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Happy (Holi)days ...

money.jpg... on Wall-Street; ah yes, the wonderful world of investment banking.

(From the Economist - bold parts are my emphasis) 

It has been a year to make even Croesus blush for the big Wall Street securities firms. Goldman Sachs, Bear Stearns, Morgan Stanley and Lehman Brothers have all announced record profits and beaten analysts’ expectations in the process. Bloomberg, a financial-information firm, calculates that the industry will make $29.1 billion after tax in fiscal 2006, a 43% rise on last year, which was itself a bumper one. New York’s tabloids have had a field day, splashing headlines like “Sachs of Loot” and fantasising about all the things outsized bonuses could buy.

Goldman, the best performer, is setting aside an unprecedented $16.5 billion to reward its talent, equal to $620,000 per employee across the firm. But it is now so profitable that the ratio of pay to revenue has actually fallen, to 43.7%, well below the 50% seen as a ceiling in the industry. And on Tuesday November 19th Goldman revealed that the bank’s boss, Lloyd Blankfein, would pocket $53.4m this year. This paypacket broke an industry record set only last week at Morgan Stanley—its chief, John Mack, will get around $40m for his work in 2006. The huge sums of cash and the attendant publicity prompted Mr Blankfein to call for humility as his troops reflect on their stellar year.


The banks can thank near-perfect markets for their good fortune. Mergers and private equity are booming, as are stockmarkets (the Dow Jones Industrial Average hit another record high on Tuesday). Volatility is low, credit still plentiful. Hedge funds and others are trading derivatives at a furious pace, providing a further lift to the banks’ prime-brokerage businesses. In these conditions, the banks have (so far) profited handsomely from ratcheting up their own risk-taking. Across the industry, value-at-risk—a measure of potential losses on a bad trading day—has risen steadily. Some 70% of Goldman’s net revenues now come from trading and investing on its own account.


Surplus Widens in Japan

Japan.jpgThe November data on Japan's trade is out and Bloomberg reports how the surplus has widened on the back of accelerating exports and a low yen.

Japan's export growth unexpectedly accelerated in November, easing concern that the expansion of the world's second-largest economy is cooling. Imports slowed, reflecting a decline in oil prices.

Exports rose 12.1 percent, helping the trade surplus widen to 915.9 billion yen ($7.7 billion) from 594.4 billion yen a year earlier, the Ministry of Finance said today in Tokyo. Imports gained 7.5 percent, down from 17.5 percent in October.

The yen's decline against the dollar and euro has helped reduce the effects of slower overseas demand, bolstering exports. Shipments abroad grew at the slowest pace in six months in October, causing concern that the economy would stall amid sluggish consumer spending at home.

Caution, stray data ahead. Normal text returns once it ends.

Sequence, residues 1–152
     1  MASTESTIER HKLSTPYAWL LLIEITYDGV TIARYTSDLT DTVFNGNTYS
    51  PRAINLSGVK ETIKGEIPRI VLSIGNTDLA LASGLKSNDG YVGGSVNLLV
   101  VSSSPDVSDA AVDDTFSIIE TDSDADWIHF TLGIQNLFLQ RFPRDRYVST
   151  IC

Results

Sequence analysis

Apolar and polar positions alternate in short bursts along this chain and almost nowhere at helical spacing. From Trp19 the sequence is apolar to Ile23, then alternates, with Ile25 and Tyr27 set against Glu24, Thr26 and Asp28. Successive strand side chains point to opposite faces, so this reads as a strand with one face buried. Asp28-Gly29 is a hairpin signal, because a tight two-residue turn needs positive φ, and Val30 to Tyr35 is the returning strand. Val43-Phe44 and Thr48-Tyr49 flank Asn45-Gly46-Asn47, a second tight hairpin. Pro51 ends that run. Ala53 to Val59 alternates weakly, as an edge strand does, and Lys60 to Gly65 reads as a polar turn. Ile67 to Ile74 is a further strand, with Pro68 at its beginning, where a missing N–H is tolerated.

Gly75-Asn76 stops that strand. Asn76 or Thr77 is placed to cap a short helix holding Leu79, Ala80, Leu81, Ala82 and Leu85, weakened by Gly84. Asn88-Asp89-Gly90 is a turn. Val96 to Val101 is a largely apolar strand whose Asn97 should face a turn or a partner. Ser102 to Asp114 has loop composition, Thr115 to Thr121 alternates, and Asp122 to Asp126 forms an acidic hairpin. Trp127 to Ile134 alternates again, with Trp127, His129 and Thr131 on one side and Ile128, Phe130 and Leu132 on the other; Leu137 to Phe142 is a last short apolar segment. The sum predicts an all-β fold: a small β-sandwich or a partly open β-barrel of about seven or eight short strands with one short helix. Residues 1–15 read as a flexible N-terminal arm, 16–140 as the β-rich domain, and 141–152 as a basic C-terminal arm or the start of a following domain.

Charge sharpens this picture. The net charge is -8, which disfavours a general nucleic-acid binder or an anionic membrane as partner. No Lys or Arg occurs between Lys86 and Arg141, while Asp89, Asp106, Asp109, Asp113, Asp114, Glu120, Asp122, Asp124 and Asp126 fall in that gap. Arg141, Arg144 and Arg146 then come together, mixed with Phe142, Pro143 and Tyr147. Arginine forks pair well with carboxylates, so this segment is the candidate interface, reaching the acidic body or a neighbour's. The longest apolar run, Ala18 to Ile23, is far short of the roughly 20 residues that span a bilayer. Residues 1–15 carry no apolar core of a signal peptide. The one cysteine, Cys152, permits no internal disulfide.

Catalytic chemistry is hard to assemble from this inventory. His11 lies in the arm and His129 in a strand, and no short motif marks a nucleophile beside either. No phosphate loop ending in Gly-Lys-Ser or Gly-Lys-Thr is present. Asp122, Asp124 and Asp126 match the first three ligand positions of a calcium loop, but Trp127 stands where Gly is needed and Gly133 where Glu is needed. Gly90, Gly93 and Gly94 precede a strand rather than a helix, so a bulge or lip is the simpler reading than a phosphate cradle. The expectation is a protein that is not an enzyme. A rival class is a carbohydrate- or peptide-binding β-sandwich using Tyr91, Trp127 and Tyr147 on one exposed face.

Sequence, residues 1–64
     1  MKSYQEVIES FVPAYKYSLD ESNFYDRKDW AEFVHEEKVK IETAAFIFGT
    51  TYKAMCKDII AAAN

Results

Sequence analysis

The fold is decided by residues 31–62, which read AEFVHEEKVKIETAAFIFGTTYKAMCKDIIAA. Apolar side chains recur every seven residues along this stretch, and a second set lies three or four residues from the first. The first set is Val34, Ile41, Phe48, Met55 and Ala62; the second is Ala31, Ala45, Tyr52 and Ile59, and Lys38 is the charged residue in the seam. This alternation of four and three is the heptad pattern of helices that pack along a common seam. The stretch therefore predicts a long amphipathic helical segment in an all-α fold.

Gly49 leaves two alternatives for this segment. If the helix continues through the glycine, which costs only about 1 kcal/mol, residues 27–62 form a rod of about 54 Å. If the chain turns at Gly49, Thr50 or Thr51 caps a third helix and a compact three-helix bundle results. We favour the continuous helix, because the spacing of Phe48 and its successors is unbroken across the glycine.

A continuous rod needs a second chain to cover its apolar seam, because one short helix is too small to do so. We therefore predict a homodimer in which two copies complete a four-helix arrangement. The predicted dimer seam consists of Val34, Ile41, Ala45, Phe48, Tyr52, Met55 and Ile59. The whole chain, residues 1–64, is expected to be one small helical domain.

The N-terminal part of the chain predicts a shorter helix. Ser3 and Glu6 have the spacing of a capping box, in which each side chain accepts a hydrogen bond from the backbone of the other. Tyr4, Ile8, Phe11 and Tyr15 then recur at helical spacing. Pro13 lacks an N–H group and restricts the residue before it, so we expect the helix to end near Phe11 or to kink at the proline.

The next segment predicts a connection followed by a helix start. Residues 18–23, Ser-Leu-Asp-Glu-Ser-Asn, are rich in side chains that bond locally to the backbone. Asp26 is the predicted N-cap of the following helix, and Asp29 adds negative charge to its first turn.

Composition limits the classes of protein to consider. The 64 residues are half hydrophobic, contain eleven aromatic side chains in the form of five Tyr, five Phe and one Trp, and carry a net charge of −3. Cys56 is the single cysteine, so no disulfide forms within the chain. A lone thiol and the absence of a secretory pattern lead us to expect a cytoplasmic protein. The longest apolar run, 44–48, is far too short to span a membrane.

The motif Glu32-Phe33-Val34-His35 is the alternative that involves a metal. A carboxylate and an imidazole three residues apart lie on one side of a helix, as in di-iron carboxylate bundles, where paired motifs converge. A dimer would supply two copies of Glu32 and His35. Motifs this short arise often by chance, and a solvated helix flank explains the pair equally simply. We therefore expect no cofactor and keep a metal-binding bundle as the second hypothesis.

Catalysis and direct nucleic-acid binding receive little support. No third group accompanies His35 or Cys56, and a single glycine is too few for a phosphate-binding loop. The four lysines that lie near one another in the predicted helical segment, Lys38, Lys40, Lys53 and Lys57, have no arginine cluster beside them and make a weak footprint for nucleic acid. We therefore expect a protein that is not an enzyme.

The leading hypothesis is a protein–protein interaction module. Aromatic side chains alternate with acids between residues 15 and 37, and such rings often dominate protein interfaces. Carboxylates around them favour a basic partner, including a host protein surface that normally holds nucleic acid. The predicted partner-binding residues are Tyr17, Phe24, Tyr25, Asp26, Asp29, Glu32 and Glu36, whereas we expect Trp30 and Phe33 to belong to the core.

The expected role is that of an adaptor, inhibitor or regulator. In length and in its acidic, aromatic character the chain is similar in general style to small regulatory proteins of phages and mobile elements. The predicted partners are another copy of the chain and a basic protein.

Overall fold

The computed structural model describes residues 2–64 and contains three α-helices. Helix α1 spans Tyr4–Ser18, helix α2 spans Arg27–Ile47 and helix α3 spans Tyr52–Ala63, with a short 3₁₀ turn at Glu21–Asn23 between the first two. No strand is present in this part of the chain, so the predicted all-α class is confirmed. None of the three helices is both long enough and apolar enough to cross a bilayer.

``There is no doubt that the yen's weakness remains an engine for Japan's exports,'' said Yoshimasa Maruyama, an economist at BNP Paribas. ``Today's numbers confirm Japan's exports maintain more momentum than we had expected.''


Japan's economy expanded an annual 0.8 percent in the third quarter and would have shrunk if it weren't for strong export growth and corporate spending on factories and equipment. Consumer spending, which accounts for more than half of the economy, had the biggest decline in almost a decade.

Japan is indeed growing but ever more so on exports which, I might add, is totally in line with expectations since Japan's old and ageing population can't support growth through domestic consumption. In short; the idea of a balanced growth path is really difficult to sustain here. An interesting point here is also how the low Yen has helped to boost exports. This is of course not very complicated to understand but it should be quite clear that if exports continue to be the main driver of growth (I believe this will be the case) then the BOJ simply won't be able to raise rates. This is mirrored in the situtation on consumer spending which seems to be persistently downtrending despite an after all pretty loose monetary stance of 0.25%. This means that if Japan is going to sustain economic growth the BOJ will have to keep those rates down. Clearly, this has implications for international capital flows and as I have argued recently demographics form a considerable part of the picture. Edward Hugh's recent post on emerging markets is also very much to the point I think. In my opinion we need to look at Japan as testcase for how a country with a relatively very old (in fact, the oldest) population is positioned in the international economy and once we understand why this is we need to go to Italy and Germany and try to apply some of the same reasoning. It is, as I have said before, at this point that we can see how demograpics represent a very strong anchor to conceptualize the dynamics of the macroeconomic environment.